The conditions under which reptilian eggs are incubated affect survival probability and physiological attributes of the progeny. The egg-laying skink, Oligosoma suteri, is the only endemic oviparous lizard in New Zealand. No controlled laboratory incubation had previously been undertaken, and thus no information was available on the requirements for successful captive incubation. I studied the effects of incubation regime on the eggs and hatchlings of O. suteri to four months of age. Oligosoma suteri eggs (n = 174) were randomly distributed among three constant incubation temperatures (18°C, 22°C and 26°C) and two water potentials (-120 kPa and -270 kPa). Hatching success and hatchling survival were greatest at 22°C and 26°C, with hatchlings from 18°C incubation suffering from physical abnormalities. Incubation regime and maternal influence did not affect sex of individuals, with equal sex ratios occurring from each incubation treatment. Hatchlings from the 22°C and -120 kPa incubation treatments were larger, for most measurements, and warmer incubation temperatures resulted in increased growth rates. Juveniles from 22°C and 26°C and individuals with greater mass per unit length (condition index) sprinted faster over 0.25 m. Sprint speed was positively correlated with ambient temperature. At four months of age sprint speed decreased in 18°C individuals and individuals incubated at 26°C and -270 kPa compared to their performance at one month. The results suggest that the most successful captive incubation regime for O. suteri is 22°C and -120 kPa. This study also shows that temperature-dependent sex determination does not occur in O. suteri, but that fitness traits are influenced by incubation temperature.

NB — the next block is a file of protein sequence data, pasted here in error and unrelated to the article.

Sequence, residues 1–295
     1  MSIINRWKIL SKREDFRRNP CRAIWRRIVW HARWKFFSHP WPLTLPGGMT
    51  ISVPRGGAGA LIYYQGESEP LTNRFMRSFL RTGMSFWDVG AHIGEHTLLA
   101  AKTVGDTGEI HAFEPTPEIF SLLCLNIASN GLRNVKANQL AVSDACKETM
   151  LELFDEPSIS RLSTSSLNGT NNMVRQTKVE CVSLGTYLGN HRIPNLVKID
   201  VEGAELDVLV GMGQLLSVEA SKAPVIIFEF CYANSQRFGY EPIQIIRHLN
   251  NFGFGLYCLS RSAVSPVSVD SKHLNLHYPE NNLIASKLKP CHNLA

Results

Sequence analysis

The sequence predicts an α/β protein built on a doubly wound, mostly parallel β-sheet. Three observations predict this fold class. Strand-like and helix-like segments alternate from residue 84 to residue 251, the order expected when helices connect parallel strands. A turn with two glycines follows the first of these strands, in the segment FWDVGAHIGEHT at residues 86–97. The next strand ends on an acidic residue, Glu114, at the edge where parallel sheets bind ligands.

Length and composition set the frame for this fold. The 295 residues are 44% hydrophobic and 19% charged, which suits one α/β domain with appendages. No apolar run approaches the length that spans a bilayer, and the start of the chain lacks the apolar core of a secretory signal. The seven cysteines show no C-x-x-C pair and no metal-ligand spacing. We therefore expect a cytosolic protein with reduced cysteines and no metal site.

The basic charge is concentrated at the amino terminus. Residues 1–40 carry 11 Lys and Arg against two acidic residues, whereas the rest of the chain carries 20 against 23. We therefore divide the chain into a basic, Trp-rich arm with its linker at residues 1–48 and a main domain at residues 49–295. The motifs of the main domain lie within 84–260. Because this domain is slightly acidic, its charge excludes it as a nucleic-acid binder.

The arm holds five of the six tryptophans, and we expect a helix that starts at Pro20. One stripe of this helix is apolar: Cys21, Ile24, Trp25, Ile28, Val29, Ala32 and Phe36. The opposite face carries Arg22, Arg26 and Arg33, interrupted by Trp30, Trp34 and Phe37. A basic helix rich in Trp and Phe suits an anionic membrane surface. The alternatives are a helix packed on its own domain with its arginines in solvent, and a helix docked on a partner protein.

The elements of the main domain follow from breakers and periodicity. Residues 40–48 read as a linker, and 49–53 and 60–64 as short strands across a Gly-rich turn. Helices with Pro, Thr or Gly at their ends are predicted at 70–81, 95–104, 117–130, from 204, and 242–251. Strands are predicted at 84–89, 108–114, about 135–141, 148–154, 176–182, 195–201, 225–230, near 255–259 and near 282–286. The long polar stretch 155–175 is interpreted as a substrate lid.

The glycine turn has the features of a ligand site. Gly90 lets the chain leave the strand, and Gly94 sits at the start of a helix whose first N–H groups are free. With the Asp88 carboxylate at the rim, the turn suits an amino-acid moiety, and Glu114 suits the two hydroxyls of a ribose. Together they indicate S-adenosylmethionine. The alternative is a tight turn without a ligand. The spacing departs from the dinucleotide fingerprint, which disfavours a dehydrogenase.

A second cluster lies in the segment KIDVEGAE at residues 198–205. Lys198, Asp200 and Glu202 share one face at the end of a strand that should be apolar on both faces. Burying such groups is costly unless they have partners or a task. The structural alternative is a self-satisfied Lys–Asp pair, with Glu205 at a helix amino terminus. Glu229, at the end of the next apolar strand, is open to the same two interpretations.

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  • Urban Maori art : the third generation of contemporary Maori artists : identity and identification

    Rennie, Kirsten (2001)

    Masters thesis
    University of Canterbury Library